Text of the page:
The Different Karats of Gold
Karat is the term used to measure the gold content or purity, Karat is a unit used to measure the purity of gold. The higher the karat, the more pure the gold.
24 karat gold is often refered to as pure gold as it is the highest purity that can be manufactured. It is actually 99.9% gold. There are coins made of 24K gold that are inteded for investment purposes. I do not advise making rings from 24K coins because the gold is to soft and will not hold up well to wear.
22 Karat gold is 91.67% pure gold and is alloyed with other metals to help make the gold alloy tougher while maintaining a high purity. 22K is commonly used in Jewelry making. The Gold American Eagle is 22K (91.67) comes in a variety of sizes from 1oz, 1/2oz, and 1/4oz. Each size uses the same design, only the physical size and weight change.
21.6 Karat gold is 90% pure gold and is alloyed with other metals to help make the gold alloy tougher while maintaing a high purity rating. 21.6K is very common among older gold coins. The 1930 Swiss Franc 20 is a great example of one of these such coins. The 21.6K is what most gold coin rings will be made out of if they are not a modern coin.
2016 Gold American Eagle (22K)
2008 Canada Gold Maple Leaf (24K)
1930 Swiss Franc 20 (21.6K)
Gold is a highly precious metal and has been sought after through the ages. Gold has a beautiful luster and does not naturally oxidize. Gold is unaffected by air, water, alkalias and almost all acids with the exception of hydrochloric acid and nitric acid. This means that gold does not rust, corrode or tarnish.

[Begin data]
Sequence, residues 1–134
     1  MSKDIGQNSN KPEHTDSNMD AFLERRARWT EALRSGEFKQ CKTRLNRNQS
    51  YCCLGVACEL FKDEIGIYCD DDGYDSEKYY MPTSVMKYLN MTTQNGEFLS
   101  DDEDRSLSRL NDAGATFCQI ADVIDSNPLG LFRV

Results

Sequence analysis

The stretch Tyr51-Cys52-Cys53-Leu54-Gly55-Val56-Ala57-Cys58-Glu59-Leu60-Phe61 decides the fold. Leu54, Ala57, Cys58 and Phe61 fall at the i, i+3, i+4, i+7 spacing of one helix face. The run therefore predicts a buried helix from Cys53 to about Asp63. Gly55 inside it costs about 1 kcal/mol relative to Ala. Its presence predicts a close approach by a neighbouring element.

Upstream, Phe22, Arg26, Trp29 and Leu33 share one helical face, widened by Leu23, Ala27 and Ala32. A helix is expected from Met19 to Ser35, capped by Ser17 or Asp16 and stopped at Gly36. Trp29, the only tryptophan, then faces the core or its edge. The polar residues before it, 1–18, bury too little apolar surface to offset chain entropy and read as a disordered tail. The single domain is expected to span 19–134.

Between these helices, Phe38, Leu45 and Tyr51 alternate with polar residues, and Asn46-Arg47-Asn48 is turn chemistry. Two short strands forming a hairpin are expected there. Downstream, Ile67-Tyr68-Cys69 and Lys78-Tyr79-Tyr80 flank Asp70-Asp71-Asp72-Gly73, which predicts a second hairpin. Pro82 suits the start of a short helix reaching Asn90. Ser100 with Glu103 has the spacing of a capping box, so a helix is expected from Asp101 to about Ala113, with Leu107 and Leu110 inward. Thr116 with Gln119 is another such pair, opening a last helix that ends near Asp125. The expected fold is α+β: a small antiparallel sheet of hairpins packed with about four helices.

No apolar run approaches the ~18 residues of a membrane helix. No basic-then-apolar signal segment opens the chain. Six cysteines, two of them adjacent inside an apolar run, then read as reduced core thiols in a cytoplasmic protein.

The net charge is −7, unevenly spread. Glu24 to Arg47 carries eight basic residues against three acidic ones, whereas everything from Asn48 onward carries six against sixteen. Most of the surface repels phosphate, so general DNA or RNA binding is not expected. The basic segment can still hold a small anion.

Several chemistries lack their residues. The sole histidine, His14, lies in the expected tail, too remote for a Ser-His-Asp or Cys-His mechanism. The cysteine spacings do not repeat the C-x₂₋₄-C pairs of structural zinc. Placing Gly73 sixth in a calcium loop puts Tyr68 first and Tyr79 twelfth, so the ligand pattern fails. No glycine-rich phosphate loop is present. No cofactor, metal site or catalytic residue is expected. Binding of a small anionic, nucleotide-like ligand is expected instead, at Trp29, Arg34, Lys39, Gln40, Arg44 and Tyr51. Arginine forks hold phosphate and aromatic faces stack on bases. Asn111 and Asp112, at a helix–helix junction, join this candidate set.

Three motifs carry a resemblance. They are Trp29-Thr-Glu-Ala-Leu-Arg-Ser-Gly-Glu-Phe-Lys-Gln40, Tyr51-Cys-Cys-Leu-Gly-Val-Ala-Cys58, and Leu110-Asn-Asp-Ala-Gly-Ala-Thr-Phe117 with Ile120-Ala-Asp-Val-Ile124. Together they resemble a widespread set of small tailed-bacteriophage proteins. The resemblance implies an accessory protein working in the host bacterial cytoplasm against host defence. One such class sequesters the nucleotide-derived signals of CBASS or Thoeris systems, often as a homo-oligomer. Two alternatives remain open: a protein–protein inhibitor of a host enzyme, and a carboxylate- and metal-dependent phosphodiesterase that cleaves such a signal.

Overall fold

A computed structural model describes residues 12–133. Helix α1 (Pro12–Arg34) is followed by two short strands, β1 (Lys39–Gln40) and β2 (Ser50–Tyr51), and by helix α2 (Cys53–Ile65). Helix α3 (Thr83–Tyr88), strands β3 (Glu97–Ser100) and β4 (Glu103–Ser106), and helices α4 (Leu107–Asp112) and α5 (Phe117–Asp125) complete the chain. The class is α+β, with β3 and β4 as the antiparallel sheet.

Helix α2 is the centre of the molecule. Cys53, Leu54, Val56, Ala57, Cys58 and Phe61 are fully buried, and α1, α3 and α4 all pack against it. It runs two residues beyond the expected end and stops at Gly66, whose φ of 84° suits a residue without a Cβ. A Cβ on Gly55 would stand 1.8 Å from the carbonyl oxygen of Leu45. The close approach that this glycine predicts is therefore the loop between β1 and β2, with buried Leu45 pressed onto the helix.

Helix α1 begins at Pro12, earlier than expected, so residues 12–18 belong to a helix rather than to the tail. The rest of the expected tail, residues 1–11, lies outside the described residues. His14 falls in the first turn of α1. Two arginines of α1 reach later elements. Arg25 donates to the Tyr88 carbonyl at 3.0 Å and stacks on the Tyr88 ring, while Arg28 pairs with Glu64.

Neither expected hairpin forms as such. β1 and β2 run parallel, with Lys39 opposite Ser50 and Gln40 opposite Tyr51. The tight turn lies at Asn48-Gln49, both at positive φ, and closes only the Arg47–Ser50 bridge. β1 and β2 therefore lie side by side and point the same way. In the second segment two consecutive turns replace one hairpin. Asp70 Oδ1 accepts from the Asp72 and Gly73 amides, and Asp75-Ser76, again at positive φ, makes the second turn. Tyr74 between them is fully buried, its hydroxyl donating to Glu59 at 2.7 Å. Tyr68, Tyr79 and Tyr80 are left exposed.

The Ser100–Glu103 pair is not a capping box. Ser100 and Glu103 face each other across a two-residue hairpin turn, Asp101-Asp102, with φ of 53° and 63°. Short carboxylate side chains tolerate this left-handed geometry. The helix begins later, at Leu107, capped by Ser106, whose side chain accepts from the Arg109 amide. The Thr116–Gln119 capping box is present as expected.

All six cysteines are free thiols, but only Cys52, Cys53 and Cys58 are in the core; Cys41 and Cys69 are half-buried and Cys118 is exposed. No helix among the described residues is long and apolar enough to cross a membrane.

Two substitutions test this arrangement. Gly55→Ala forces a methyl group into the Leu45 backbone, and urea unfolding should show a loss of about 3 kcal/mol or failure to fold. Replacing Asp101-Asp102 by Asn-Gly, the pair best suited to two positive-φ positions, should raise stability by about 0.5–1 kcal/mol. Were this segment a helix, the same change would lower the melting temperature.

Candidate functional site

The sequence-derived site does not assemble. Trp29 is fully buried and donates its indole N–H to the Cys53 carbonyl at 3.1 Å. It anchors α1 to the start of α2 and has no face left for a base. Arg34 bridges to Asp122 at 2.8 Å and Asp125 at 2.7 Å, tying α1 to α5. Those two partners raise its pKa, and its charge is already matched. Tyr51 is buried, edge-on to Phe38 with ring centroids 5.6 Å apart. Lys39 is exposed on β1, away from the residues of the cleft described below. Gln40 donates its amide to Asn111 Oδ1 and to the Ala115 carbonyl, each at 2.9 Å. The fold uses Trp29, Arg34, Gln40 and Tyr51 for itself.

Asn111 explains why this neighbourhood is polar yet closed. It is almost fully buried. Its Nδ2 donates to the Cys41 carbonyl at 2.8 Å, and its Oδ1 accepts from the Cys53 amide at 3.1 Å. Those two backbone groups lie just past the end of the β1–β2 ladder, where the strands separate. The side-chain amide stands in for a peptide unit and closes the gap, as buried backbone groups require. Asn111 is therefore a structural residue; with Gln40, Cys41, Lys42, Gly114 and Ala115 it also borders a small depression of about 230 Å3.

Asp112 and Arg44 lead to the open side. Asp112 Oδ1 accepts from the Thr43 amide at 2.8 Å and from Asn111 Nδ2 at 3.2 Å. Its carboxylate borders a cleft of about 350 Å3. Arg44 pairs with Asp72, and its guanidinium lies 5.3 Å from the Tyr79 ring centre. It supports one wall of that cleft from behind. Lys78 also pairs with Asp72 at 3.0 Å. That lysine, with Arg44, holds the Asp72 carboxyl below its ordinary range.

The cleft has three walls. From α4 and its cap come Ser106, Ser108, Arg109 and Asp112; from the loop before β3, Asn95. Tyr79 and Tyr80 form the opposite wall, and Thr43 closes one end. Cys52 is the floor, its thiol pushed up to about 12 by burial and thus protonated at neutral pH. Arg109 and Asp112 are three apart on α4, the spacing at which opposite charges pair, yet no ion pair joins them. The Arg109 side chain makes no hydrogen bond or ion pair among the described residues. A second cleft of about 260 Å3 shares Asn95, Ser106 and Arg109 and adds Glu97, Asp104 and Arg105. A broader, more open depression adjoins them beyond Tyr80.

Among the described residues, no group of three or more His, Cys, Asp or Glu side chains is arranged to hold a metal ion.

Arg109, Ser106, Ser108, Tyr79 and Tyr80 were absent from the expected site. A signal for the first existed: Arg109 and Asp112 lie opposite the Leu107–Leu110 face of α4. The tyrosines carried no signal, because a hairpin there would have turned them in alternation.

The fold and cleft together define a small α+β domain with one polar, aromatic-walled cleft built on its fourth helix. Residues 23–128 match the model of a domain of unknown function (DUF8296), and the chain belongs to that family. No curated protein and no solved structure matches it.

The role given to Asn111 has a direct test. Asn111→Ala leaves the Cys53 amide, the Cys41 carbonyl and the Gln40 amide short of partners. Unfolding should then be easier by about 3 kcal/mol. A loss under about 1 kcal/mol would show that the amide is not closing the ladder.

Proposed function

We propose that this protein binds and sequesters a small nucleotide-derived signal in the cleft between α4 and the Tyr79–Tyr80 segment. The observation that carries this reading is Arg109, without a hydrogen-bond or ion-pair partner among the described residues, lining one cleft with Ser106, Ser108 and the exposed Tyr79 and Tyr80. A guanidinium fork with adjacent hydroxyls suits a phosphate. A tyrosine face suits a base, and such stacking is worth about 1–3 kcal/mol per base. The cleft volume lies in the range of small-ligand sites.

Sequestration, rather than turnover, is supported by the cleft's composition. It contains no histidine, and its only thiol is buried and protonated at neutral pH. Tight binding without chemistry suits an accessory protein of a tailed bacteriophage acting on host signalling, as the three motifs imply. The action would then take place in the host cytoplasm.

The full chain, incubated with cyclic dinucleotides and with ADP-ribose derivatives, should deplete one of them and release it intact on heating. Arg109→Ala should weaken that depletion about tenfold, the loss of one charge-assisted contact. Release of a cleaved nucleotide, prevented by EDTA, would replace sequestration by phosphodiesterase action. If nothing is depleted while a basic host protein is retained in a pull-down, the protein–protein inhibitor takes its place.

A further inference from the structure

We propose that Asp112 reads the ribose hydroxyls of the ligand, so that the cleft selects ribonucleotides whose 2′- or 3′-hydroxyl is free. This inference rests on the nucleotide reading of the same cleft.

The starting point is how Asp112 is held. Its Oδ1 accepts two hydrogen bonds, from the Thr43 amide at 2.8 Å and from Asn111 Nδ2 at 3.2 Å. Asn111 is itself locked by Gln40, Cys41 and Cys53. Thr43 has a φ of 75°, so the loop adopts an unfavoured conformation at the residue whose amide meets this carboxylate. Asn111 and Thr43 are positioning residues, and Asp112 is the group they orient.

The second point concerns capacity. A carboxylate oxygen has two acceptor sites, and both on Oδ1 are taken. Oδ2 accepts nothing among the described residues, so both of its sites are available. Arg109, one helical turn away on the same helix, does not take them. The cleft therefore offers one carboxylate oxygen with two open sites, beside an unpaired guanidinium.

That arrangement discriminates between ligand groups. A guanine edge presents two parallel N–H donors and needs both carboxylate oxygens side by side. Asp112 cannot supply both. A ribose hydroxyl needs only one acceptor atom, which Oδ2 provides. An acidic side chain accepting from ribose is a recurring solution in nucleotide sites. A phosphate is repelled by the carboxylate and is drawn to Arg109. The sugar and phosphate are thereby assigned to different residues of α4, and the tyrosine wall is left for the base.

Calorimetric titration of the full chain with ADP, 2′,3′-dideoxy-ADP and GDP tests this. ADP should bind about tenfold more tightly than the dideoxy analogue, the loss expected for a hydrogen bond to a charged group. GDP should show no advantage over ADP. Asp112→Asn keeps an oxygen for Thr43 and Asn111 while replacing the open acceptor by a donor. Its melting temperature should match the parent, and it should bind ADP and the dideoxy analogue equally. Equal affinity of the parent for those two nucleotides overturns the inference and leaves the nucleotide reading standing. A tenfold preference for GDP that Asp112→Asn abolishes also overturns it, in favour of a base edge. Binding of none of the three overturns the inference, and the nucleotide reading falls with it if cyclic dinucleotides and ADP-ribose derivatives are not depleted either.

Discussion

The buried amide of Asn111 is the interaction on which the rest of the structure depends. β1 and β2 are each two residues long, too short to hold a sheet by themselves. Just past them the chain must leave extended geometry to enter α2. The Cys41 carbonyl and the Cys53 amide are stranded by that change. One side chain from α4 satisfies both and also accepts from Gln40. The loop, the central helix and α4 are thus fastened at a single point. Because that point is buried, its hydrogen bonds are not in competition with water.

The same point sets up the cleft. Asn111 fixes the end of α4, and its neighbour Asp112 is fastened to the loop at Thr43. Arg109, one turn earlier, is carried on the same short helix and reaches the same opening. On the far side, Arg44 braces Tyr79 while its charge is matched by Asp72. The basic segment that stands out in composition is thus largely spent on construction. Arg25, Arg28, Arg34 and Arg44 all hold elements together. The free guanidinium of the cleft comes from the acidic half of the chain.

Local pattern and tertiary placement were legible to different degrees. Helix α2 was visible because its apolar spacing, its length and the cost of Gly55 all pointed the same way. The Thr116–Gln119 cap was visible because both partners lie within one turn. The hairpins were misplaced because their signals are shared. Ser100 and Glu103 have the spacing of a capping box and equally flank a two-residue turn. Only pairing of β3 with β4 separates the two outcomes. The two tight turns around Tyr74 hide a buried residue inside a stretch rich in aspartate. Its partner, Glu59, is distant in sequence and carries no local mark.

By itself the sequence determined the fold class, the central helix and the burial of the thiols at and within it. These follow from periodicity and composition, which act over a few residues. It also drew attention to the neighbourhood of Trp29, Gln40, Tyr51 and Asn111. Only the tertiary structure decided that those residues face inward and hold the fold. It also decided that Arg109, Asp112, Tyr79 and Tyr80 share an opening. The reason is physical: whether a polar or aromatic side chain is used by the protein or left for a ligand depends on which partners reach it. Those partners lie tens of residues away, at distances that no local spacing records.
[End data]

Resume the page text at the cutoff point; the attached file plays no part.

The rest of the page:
Special Note: Gold does not patina.
Platinum is an extremely rare metal. Pure platinum is lustrous and has a silver-white appearence. Platinum has excellent resistance to corroison. Platinum is considered to be highly unreactive and a great alternative to Gold if your searching for a precious metal that is white instead of yellow. A good example of a Platinum coin is the Platinum American Eagle. It comes in 1oz, 1/2oz, and 1/4oz options. Each size uses the same design, only the phyisical size and weight change.
Special Note: Platinum does not patina.
Isle of Man Silver Angel (Fine Silver)
2008 Platinum American Eagle (99.95%)
Silver has a brilliant white metallic luster that can take a high polish. Silver has been used in currency for thousands of years. It has only been in recent years that silver has been phased out of circulated currency. You can still obtain silver coins through collectors, world mints, and major coin suppliers.
Silver will oxidize and tarnish over time when exposed to air. Because silver will tarnish over time it does not carry as much value compared to gold or platinum. Silver makes a great economical alternative to platinum or gold when seeking a beautiful piece of jewelry. The buyer just needs to keep in mind that silver will require varying degrees of maintenance to retain its luster.
The Different Percentages of Silver
When buying or selling anything made of silver, it is important to know how much of the item is silver. The higher percentage of silver, the more white and luster the item will have and will help combat the dreaded 'green finger' effect. There is no perfect percentage as each person's body chemistry is different.